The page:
Most of you will have used, or at least encountered, various "information criteria" when estimating a regression model, an ARIMA model, or a VAR model. These criteria provide us with a way of comparing alternative model specifications, and selecting between them.
They're not test statistics. Rather, they're minus twice the maximized value of the underlying log-likelihood function, adjusted by a "penalty factor" that depends on the number of parameters being estimated. The more parameters, the more complicated is the model, and the greater the penalty factor. For a given level of "fit", a more parsimonious model is rewarded more than a more complex model. Changing the exact form of the penalty factor gives rise to a different information criterion.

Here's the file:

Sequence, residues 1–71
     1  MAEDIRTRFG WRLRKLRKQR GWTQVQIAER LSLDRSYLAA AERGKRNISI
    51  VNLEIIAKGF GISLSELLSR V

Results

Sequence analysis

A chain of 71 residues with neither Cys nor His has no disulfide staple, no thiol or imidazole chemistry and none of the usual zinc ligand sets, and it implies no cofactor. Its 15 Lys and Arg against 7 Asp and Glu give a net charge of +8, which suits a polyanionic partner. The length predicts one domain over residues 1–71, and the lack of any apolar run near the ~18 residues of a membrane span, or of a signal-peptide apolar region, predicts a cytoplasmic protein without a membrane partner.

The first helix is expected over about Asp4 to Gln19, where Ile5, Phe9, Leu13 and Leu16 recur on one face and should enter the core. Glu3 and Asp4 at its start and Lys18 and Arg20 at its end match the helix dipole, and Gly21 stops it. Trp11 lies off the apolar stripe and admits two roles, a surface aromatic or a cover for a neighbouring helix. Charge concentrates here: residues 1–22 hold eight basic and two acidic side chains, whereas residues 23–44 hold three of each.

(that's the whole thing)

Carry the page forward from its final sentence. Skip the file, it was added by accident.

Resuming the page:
However, did you ever stop to ask "why are these called information criteria?" Did you realize that these criteria - which are, after all, statistics - have different properties when it comes to the probability that they will select the correct model specification? In this respect, they are typically biased, and some of them are even inconsistent.
This sounds like something that's worth knowing more about!